I grew up in Livonia, Michigan, and attended the University of Michigan for my undergraduate studies, where I volunteered at the Joy-Southfield Health and Education Center, a Detroit-based free clinic. In the 10-minute drive between my childhood home and the clinic, maternal mortality rates tripled. Access to fresh foods plummeted. Childhood asthma rates doubled. I viewed these inequities as shameful and immoral, and felt obligated to use my privilege to combat health disparities and structural racism. I obtained a Master of Public Health degree and began a career in health care quality improvement, first at the Upham’s Corner Health Center in Boston, and then at Providence ElderPlace in Seattle after following my partner to Washington. While I enjoyed quality improvement, I came to realize that my most enjoyable days were those spent with patients and the community: observing patient visits, distributing produce bags, and helping children to harvest vegetables in a community garden. I also noticed a common theme in Detroit’s Cody Rouge, Boston’s Dorchester, and Seattle’s Rainier Valley neighborhoods: an unmet need for primary care providers for these diverse and vibrant communities. Thus, I resolved to become a family physician to help meet the health needs of urban underserved communities, and to advocate for health equity and social justice.
I was fortunate to join the Inaugural Class of the Elson S. Floyd College of Medicine and the Everett learning community, and quickly learned that I was surrounded by an incredible group of classmates and lifelong friends,” says Schmidt.
As a medical student, I co-founded our Family Medicine Interest Group to increase student interest in family medicine and support future family physicians in their education and advocacy efforts. I led our Independent Student Analysis Task force, a student group that conducted a survey of the College of Medicine students as part of our school’s application for accreditation by the LCME. I participated in community organizing efforts through the Spokane Alliance, and in conservation efforts with the Dishman Hills Conservancy. From 2019-2020, I served as Medical Student Co-Trustee to the Washington Academy of Family Physicians Board of Directors. I am also a member of the student Anti-Oppression Task Force, working to combat racism in medicine and medical education. Finally, I made time for fun during medical school, playing ice hockey with Spokane Women’s Hockey (special shout-out to the faithful and loud College of Medicine cheering section!), going backcountry or resort skiing as much as possible, and getting into new hobbies like mountain biking and rock climbing.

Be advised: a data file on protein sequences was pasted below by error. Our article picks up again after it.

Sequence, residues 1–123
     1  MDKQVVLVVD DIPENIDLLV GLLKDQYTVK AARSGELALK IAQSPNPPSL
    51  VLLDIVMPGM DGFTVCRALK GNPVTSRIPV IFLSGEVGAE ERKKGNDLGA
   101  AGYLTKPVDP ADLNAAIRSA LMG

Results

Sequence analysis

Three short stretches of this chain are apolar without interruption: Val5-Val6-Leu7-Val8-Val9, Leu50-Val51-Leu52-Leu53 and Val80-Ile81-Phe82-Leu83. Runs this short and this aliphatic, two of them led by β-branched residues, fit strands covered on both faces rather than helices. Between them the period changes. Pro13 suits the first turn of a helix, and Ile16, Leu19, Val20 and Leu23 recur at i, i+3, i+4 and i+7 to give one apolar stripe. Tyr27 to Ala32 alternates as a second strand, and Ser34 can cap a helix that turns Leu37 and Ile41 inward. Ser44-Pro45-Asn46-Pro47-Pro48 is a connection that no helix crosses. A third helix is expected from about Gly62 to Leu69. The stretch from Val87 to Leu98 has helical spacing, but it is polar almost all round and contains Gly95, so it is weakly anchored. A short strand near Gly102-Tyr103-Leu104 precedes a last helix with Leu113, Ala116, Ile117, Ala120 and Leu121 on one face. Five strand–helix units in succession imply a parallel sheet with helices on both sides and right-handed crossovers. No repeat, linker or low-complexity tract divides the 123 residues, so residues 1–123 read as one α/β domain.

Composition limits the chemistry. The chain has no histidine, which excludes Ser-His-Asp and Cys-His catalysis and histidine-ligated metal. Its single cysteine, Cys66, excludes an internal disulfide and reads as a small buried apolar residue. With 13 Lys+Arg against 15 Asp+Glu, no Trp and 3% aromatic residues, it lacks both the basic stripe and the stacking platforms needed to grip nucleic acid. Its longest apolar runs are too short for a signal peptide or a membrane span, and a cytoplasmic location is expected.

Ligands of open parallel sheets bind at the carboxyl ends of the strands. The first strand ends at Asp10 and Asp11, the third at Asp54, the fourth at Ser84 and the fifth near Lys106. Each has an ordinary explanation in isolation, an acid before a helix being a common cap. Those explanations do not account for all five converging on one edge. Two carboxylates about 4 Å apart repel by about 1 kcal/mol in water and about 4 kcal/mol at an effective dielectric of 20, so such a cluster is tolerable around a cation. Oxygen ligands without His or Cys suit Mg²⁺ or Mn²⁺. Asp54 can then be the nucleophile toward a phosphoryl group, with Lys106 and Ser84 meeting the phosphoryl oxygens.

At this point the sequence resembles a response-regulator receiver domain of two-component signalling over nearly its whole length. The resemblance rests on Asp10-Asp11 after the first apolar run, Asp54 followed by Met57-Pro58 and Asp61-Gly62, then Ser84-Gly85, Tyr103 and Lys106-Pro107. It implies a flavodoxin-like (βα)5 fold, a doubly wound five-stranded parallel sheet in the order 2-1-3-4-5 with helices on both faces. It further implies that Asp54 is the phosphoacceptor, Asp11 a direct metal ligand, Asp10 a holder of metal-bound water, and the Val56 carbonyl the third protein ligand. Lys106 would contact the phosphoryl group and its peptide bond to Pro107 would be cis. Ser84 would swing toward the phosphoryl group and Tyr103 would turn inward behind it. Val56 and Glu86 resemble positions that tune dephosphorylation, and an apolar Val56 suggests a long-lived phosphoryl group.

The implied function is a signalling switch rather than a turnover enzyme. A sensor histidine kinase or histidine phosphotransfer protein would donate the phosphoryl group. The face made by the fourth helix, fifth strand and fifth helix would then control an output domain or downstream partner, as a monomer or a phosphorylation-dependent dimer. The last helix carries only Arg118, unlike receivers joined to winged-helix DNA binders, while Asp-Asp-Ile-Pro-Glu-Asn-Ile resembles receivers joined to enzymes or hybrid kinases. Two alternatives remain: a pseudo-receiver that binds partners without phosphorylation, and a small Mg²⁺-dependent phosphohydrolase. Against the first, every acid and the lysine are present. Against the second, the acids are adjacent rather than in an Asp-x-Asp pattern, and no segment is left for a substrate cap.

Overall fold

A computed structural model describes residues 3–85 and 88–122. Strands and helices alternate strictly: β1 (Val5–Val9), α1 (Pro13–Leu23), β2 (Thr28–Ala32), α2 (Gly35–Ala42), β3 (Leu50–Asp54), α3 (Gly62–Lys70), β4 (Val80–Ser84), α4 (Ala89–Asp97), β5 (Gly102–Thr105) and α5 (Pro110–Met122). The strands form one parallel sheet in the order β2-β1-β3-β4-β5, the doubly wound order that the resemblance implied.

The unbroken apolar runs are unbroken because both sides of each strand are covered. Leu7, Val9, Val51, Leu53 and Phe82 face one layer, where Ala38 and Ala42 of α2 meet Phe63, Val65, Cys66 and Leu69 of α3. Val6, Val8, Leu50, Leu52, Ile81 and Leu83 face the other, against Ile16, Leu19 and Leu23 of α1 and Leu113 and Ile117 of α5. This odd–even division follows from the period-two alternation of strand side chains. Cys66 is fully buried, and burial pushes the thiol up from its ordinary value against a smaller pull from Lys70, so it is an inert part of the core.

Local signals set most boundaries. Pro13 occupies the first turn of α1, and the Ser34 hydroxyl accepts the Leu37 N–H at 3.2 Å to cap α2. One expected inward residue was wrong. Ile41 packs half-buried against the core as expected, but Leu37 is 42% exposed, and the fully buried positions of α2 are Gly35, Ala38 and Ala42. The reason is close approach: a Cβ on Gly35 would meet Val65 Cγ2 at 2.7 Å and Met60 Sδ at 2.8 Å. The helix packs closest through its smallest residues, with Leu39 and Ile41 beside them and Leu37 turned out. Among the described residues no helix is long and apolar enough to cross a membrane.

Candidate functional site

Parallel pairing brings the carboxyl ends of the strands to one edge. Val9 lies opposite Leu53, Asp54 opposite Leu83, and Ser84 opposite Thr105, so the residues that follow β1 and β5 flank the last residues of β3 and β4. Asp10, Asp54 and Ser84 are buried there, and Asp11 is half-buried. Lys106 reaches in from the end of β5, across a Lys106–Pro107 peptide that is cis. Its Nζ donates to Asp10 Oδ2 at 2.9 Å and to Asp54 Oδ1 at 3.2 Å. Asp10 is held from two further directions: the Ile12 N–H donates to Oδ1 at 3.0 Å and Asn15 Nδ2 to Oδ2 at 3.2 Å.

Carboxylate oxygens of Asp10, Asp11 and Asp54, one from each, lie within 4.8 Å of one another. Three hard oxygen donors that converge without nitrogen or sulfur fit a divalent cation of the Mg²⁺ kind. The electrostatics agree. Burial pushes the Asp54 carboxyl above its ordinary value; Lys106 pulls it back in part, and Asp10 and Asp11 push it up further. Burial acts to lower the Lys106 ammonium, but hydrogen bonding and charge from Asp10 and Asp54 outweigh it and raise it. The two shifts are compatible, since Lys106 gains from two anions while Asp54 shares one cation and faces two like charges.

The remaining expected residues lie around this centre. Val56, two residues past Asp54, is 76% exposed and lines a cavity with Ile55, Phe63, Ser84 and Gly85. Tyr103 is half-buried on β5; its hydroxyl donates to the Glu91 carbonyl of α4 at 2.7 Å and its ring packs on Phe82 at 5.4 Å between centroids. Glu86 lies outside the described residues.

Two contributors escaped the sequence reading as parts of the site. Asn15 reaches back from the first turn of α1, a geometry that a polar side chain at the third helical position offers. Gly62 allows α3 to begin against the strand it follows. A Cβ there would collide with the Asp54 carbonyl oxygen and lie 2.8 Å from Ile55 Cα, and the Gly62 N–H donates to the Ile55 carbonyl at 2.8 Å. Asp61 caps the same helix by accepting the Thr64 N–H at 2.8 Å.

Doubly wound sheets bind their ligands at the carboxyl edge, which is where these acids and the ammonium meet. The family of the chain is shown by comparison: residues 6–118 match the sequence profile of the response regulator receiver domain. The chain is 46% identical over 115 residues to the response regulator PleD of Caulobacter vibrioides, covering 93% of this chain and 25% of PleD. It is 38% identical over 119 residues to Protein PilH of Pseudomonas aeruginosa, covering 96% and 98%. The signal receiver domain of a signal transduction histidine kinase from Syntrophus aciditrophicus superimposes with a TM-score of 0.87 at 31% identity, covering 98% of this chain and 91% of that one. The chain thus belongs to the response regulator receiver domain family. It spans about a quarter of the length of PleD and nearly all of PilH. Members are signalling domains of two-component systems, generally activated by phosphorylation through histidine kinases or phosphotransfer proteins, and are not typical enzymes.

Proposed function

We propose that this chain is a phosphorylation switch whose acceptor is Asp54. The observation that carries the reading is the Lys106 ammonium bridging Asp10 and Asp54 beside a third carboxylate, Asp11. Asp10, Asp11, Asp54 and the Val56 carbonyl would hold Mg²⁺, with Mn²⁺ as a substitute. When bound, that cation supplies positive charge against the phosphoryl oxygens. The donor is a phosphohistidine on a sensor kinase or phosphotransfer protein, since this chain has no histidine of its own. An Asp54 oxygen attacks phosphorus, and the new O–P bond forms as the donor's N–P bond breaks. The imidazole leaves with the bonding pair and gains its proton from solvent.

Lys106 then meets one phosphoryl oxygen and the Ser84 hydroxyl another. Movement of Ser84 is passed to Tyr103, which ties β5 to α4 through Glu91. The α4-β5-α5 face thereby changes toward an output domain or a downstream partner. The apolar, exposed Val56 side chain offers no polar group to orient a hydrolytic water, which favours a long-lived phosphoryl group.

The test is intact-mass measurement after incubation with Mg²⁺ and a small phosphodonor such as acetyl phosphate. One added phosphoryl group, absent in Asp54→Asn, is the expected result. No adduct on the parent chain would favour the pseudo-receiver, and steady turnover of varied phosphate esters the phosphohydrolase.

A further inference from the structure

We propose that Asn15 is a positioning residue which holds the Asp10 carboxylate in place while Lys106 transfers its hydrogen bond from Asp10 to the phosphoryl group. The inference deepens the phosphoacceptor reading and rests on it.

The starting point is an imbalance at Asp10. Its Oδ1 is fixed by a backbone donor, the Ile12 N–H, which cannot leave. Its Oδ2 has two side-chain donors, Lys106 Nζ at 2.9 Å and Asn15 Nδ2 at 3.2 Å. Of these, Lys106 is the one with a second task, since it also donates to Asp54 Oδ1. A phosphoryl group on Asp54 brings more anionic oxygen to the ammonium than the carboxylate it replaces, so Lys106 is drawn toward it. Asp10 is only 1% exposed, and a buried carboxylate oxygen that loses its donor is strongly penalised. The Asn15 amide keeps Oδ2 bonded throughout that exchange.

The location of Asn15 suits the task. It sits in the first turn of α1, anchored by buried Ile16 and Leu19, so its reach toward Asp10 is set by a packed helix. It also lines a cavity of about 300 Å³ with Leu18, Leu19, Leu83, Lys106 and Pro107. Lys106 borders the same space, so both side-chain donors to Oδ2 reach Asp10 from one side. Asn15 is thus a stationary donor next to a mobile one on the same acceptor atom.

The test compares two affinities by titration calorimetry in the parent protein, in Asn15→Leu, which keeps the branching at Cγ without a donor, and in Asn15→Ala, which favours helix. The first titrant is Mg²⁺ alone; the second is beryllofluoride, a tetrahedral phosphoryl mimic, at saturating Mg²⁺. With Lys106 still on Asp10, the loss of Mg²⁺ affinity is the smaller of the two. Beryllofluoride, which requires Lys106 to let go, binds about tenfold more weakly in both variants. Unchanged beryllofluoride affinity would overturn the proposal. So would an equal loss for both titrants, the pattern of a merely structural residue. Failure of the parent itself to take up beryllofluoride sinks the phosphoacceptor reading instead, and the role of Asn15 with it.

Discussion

I decided to become a doctor to help promote health equity through primary care in urban underserved communities, and this aligns perfectly with the College of Medicine’s mission to train physicians to thrive in challenging health care environments. As an Elson S. Floyd College of Medicine student, I became deeply involved in the Health Equity Circle, organizing with the Spokane Alliance to promote health equity in Spokane. Additionally, I pursued rotations to improve my skills in the care of underserved populations, including Street Medicine, Medical Spanish, and a rotation at the Lummi Tribal Health Center. I continue my commitment to carrying out WSU’s mission by practicing family medicine in an underserved community, and through my experiences as a medical student, I feel equipped and energized to continue caring for these populations.
I aim to be a family physician at an urban federally-qualified health center, promoting health equity and justice by providing full-spectrum primary care and obstetrics with a focus on social medicine. I am particularly interested in caring for communities of color, people experiencing homelessness, LGBTQ+ populations, the elderly, and patients with substance use disorders and psychiatric conditions.
I also plan to use my privilege as a physician to continue to organize and advocate for equity around the social determinants of health – housing, food, racism, education, health insurance – which often impact patients’ health outcomes far more than their medical care,” says Schmidt.